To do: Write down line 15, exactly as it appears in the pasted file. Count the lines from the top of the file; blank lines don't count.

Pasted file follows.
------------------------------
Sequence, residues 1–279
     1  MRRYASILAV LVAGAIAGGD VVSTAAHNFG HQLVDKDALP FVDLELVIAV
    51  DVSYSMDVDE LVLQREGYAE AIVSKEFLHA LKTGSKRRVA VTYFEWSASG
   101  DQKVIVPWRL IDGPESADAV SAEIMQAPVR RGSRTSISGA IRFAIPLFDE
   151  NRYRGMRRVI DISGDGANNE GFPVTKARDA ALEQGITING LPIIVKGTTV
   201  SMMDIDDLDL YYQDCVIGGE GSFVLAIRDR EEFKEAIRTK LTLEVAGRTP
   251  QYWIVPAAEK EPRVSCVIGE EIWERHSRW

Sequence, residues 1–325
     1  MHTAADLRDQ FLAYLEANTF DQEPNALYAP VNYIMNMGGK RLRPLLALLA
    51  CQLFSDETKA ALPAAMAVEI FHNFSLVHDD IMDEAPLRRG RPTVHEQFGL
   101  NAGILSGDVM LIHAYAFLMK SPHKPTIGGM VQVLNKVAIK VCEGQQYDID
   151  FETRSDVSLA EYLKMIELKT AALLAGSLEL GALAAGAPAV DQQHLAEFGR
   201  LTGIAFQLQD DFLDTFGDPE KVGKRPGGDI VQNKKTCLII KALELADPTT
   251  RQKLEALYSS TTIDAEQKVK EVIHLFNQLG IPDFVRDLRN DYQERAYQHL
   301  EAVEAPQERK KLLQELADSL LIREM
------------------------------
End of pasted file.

   301  EAVEAPQERK KLLQELADSL LIREM